Like a gov't-union scorned

Public safety unions play rough

No one in Hollywood (FL) thinks the investigations launched against Beam Furr have much to do with his real transgression. Commissioner Furr crossed the fire and police unions. Foolish fellow. And now he's gotta pay.

The unions filed a couple of petty complaints, one with the state ethics commission, another with the state attorney's office. They claimed Furr, a Flanagan High School media specialist, misused a couple of sick days in January when he took time off work to campaign for his commission seat.

Unions aren't usually sticklers about malingering but Furr had them riled.

It wasn't so much when Furr was campaigning. Or even who he was campaigning against -- although he knocked out the union's candidate in the Jan. 29 election.

It was how Furr campaigned.

He broke the taboo. He maligned the sacred. He dissed fire and police pensions.


It was an audacious violation of the unspoken pact between politicians and public safety unions. Cities and counties grant lush retirement deals that allow a police officer or firefighter to retire after 20 or 25 years, with a pension that pays around 80 percent of annual pay. Elected officials, in return, wallow in union support.

They know that the fiscal time bombs tucked into bulging pension packages won't explode until well after term limits have kicked in. Escalating costs, destined to eventually devour a city budget, will be someone else's problem.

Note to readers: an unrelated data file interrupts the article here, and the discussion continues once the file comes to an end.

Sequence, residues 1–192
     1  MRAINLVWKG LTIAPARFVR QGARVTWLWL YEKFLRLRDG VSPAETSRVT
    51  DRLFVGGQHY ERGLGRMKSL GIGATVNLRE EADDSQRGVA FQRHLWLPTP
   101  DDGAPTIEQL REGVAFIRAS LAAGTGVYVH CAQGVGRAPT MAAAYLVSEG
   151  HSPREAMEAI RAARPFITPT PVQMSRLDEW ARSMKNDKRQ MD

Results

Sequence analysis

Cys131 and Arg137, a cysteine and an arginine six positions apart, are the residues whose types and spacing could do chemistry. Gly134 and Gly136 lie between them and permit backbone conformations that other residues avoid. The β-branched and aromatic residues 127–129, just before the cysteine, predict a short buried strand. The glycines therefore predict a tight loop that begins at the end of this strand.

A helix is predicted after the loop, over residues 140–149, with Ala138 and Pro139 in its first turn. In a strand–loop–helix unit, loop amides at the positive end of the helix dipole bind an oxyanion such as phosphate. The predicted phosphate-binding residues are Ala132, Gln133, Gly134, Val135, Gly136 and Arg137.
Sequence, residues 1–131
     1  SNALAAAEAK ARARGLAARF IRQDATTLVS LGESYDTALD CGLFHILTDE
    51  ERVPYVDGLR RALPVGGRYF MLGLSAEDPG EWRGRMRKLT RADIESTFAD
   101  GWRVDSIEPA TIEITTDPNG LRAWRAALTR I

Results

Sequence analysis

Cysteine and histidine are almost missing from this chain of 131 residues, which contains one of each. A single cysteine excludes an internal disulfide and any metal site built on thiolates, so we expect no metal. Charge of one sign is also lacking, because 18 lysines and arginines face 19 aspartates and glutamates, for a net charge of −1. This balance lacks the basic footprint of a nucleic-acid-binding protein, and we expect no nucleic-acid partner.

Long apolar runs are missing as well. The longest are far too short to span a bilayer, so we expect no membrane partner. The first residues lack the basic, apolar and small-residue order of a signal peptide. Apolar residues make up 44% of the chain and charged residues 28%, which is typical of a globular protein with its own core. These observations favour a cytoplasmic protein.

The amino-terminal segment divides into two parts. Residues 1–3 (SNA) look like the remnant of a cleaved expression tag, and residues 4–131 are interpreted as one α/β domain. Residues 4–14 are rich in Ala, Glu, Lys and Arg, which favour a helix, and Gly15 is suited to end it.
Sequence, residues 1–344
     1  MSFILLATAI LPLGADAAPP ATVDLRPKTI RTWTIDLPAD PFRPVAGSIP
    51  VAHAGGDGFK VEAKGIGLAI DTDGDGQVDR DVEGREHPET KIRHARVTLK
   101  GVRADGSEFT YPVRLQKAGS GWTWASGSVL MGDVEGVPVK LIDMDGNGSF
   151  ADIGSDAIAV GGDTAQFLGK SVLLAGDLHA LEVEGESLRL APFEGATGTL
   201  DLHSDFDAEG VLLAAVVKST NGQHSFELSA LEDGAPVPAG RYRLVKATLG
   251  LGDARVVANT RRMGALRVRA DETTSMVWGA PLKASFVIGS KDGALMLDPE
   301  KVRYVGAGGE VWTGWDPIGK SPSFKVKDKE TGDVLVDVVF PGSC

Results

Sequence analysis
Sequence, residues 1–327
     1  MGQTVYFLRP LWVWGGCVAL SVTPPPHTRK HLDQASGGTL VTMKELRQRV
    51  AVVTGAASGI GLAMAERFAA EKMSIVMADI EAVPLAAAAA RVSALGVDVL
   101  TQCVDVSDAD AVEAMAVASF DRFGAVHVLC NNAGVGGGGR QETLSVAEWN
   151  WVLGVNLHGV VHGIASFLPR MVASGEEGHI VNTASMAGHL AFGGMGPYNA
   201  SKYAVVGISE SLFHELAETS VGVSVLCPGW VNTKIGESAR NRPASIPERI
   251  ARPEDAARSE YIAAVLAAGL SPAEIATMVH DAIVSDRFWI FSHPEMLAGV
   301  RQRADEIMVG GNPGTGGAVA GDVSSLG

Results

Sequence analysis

But Furr broke the rule. His campaign website carried disconcerting stats that show how, as pension fund investments faltered over the last seven years, Hollywood taxpayers have been forced to ante up ever greater portions of the total pension contributions -- from 15.12 percent in 2001 to 68.72 percent last year.

The city now pays $8 for every $1 contributed by an individual firefighter or police officer into his own pension fund.

It's only going to get worse, Furr warned. "I believe the men and women who work for Hollywood deserve good pay, a fair pension and decent benefits, but it has to be within our means. It has to be sustainable. We are digging ourselves a hole that our children's children won't be able to crawl out of."


True, maybe. But such truths amount to blaspheme in a town where the public safety unions play rough.

Of course, it's not just Hollywood. Miami's police and fire pension costs have ballooned from $7 million in 2001 to $58 million in 2007. It's a pattern repeated across Florida (and across the nation). Pensions undreamed of in the private sector are doled out as showy appreciation for tough, dangerous jobs.

But instead of honestly paying firefighters and police officers commensurate salaries up front, politicians prefer to approve 20-year retirement packages that shunt most of the costs onto someone else, someone down the road.

An elected official in another major Broward town (''Please leave me out of your story. My car is well known and I don't want to get pulled over!'') complained that no one city can fix the problem without throwing itself out of whack with the labor market. But he warned, ``Public safety pensions are not sustainable. They need to be dealt with in the future or they'll bankrupt government.''

True maybe. But telling the truth about public safety pensions makes for dangerous politics in Florida. Just ask Beam Furr.


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